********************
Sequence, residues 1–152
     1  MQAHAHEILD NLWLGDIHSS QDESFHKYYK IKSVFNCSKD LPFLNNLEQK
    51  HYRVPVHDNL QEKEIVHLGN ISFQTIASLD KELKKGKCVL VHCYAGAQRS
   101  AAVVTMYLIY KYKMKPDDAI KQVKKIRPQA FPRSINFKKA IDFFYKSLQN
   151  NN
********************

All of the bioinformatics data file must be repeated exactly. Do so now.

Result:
Sequence, residues 1–152
     1  MQAHAHEILD NLWLGDIHSS QDESFHKYYK IKSVFNCSKD LPFLNNLEQK
    51  HYRVPVHDNL QEKEIVHLGN ISFQTIASLD KELKKGKCVL VHCYAGAQRS
   101  AAVVTMYLIY KYKMKPDDAI KQVKKIRPQA FPRSINFKKA IDFFYKSLQN
   151  NN